In what St. John refers to as “The Great Purge,” the Rowans and their formidable legal team quashed the student movement, which was no doubt hampered in large part by being associated with the detonation of not one but two pipe bombs on and near campus.

(What? Your realtor didn’t tell you about Savannah’s history of pipe bombs when they sold you that house in Ardsley Park or Southbridge?)

Varnedoe then became instrumental in the effort to bring a second art school to Savannah, this one the prestigious, New York-based School of Visual Arts (SVA). And thus came another Darwinian struggle.

In 1993, Varnedoe, by then SVA’s “community liaison,” announced the school was coming to Savannah, taking the Rowans by surprise.

Now, the Boston, Massachusetts, metro area famously has over 50 colleges and universities within it. I don’t remember ever hearing someone complain that having so many colleges has hurt Boston in any way, shape, or form. Quite the contrary, in fact.

But that’s not how SCAD perceived Savannah. They not only viewed SVA as a competitive threat in "their" market, but as a literal conspiracy in legal terms. They took action in the form of a $103 million lawsuit against SVA, and just about anyone associated with bringing it to Savannah.

Answering that lawsuit, former SCAD professors alleged RICO Act, i.e. racketeering, violations by SCAD.

Noted dean of Southern authors, the late Pat Conroy, had already quit the SCAD board. He's colorfully quoted by St. John as saying he’d “rather fight a pit bull with his genitals” than work with the Rowans again. But Conroy later found himself embroiled in the SVA lawsuit and would later reach an undisclosed settlement with SCAD.

In early 1996, right before going to trial, the lawsuit against SVA was settled suddenly. Very suddenly.

While the exact terms remain undisclosed, clearly part of the settlement involved SVA closing its Savannah campus and retreating from the fray, which it did.

The RICO allegations against SCAD also went away after a separate, also undisclosed settlement.

As St. John describes it, Gordon Varnedoe was “the sole holdout" in the SVA case. With Pat Conroy on hand as a possible character witness, Varnedoe kept the jury waiting, finally reaching an individual settlement with SCAD literally at the last minute.

Varnedoe of course would go on to thrive over the next few decades, his reputation and career intact.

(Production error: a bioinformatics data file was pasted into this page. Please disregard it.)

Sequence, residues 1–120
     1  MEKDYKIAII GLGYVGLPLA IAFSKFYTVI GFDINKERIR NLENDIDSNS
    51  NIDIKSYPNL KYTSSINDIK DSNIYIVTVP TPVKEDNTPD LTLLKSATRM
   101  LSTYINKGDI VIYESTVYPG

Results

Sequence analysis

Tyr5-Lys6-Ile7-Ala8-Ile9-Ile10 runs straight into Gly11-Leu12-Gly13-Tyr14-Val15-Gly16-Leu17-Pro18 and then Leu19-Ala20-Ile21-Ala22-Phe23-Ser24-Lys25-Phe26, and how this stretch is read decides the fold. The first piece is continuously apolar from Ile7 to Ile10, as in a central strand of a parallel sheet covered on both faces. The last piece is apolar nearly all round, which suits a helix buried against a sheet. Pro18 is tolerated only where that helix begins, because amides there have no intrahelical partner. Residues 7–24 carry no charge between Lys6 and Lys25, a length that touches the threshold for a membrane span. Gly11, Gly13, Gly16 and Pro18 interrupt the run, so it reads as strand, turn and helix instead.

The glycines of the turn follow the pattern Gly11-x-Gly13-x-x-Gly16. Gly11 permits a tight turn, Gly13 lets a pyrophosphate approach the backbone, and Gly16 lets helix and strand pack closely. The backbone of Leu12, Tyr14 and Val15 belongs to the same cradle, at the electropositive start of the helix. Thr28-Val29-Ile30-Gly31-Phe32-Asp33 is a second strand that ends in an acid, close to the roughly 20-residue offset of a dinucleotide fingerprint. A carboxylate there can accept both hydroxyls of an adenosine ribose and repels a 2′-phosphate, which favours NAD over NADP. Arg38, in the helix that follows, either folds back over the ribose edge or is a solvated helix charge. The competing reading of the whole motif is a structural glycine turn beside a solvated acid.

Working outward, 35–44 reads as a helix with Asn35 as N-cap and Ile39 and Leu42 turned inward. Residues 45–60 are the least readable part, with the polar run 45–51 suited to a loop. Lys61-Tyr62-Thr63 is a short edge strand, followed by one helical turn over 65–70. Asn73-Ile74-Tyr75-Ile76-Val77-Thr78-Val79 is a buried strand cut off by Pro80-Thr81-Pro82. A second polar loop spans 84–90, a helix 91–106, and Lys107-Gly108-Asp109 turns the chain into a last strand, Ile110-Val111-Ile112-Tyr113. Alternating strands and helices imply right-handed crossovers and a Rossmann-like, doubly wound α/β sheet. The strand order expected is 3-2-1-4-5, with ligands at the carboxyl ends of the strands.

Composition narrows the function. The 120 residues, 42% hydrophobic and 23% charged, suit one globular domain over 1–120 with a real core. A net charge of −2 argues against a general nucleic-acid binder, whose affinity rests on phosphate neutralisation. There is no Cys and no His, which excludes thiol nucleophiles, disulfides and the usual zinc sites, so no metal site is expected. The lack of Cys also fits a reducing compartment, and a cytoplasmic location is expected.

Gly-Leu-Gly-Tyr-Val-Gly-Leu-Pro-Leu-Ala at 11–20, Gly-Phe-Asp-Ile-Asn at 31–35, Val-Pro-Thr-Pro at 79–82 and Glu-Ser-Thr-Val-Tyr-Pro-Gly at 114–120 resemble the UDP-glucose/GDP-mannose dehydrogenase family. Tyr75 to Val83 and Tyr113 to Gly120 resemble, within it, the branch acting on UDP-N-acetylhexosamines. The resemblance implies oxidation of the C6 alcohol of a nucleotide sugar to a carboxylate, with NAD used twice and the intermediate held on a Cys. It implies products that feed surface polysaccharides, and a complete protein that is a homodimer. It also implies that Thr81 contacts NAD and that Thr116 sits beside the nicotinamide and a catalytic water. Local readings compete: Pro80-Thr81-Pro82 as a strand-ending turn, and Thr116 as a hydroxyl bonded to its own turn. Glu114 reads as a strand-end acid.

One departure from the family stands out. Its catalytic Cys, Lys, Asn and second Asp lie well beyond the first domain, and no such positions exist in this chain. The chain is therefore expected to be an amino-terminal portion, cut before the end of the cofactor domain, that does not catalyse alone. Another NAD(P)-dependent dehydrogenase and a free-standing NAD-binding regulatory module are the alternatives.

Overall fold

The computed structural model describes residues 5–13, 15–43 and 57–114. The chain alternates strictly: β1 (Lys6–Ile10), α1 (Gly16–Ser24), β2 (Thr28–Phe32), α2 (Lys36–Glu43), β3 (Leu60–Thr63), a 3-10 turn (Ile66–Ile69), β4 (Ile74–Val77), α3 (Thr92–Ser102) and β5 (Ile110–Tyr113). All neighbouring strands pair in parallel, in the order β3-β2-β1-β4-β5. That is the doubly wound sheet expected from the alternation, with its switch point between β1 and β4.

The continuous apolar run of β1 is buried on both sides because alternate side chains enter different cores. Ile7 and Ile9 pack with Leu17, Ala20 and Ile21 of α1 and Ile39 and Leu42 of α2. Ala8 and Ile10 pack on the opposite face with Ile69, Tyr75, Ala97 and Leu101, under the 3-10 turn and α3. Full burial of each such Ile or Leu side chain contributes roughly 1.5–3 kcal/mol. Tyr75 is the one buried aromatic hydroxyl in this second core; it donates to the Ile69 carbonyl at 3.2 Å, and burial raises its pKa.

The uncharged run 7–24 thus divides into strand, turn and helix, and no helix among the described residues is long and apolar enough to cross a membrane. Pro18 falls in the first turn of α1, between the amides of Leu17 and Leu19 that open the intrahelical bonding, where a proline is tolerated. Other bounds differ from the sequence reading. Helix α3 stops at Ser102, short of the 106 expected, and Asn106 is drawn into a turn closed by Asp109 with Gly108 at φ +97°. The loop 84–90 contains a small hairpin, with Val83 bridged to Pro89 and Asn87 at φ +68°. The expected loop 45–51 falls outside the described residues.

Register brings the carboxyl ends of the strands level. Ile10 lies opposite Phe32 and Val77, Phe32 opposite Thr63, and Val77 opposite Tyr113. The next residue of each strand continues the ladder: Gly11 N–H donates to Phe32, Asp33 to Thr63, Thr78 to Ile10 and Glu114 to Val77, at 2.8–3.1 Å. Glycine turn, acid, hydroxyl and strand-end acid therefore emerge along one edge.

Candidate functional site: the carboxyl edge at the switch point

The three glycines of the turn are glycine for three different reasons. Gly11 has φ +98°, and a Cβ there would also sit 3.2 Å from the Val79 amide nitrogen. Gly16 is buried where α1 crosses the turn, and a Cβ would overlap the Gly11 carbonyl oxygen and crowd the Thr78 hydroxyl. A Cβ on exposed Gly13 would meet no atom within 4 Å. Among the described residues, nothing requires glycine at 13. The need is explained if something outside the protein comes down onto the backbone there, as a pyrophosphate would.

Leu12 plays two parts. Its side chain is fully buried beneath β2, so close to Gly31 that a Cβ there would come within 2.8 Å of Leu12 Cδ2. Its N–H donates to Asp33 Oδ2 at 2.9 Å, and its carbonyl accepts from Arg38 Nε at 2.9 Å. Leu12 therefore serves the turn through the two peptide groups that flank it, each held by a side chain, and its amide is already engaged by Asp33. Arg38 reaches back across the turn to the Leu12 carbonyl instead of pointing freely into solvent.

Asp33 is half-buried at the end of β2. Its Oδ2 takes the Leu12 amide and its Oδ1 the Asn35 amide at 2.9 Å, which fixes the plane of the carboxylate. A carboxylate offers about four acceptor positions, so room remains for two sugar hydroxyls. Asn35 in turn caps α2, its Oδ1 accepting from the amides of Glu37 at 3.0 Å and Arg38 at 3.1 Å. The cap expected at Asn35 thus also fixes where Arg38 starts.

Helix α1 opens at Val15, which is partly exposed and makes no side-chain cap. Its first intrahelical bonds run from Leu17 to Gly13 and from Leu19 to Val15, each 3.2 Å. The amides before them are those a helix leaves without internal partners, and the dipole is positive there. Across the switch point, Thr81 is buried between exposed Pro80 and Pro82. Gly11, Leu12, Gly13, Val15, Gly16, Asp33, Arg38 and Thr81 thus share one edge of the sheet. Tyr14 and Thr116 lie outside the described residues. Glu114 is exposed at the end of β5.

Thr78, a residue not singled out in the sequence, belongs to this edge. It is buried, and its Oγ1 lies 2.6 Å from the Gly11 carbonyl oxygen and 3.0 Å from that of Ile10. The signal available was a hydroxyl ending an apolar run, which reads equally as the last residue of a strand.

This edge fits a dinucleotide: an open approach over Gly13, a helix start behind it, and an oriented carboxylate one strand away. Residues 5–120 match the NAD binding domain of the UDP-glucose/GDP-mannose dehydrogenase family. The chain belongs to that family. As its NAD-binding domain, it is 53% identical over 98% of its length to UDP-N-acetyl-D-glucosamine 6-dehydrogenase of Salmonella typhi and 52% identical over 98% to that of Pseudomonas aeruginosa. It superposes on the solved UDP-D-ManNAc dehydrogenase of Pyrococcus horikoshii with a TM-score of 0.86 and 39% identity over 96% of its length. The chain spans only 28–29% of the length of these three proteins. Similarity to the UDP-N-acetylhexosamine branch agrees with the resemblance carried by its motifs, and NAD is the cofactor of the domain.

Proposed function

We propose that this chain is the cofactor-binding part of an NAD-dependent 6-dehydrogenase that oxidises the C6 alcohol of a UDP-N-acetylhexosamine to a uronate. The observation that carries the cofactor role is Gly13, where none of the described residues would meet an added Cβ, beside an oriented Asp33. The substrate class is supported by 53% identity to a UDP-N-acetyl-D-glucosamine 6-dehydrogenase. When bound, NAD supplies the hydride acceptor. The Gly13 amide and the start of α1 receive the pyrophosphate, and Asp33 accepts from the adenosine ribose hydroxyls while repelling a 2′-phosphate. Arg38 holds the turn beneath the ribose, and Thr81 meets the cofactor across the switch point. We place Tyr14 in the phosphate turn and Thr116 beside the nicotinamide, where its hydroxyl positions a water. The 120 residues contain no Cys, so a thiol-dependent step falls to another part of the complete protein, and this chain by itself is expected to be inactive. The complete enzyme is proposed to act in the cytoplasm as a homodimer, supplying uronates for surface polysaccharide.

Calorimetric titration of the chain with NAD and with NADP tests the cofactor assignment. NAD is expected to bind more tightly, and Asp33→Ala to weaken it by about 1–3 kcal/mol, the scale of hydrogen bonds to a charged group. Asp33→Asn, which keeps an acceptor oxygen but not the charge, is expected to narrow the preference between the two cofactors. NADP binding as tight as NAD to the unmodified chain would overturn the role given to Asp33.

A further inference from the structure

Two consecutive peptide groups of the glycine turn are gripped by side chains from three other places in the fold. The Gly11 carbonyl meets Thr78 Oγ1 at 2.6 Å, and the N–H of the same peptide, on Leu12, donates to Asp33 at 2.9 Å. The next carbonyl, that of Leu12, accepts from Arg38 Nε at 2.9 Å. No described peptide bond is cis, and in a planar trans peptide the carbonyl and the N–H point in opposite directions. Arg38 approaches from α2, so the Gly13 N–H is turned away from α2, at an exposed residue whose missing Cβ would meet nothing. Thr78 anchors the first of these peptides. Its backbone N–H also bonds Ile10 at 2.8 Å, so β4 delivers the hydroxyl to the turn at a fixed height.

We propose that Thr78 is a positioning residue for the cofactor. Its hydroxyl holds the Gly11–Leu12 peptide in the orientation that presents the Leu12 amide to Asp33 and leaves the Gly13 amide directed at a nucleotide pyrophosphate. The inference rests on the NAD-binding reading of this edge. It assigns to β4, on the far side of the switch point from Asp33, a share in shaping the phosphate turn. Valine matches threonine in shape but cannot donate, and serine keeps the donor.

A cynic – or a realist? – would be tempted to say Varnedoe is the only person to have ever taken on SCAD to such a direct, sustained extent and carried on unscathed.

While that’s probably inappropriate for his epitaph, it’s certainly more impressive than just being known as “the guy who dressed up like Batman,” wouldn’t you agree?

Looking around Savannah today, there’s no doubt who prevailed in the combined Armageddon/Ragnarok/WWIII that was SCAD’s will to dominate.

I found myself walking on the east side of Forsyth Park the other day. Suddenly I realized I was almost totally surrounded by SCAD buildings: The old WTOC TV station, the former Savannah Law School building, and the now-vacant Chatham Apartments — the last low-income housing in downtown Savannah, now set to become SCAD student housing.

The next day I was driving down Victory Drive and noticed that the afternoon sun was blotted out by the enormous, imposing, and seemingly endless blocks of student housing now complete on West Victory Drive.

No, there’s no doubt who won the Battle of Savannah. In the manner of Roman emperors, all the history accounts save a couple will reflect a glowing, unblemished record of SCAD's total victory.

But one colorful, charismatic, and tough man named Gordon Varnedoe has entered local legend as a worthy opponent who more than held his own back in the day, in what was probably the match of his life.

A Graveside Service for Gordon Varnedoe will be held 11:30 a.m. Thursday, April 29 at Greenwich Cemetery, 330 Greenwich Rd. in Savannah. Memorials can be made in his honor to Christ Church Episcopal and First African Baptist Church of East Savannah or the charity of your choice.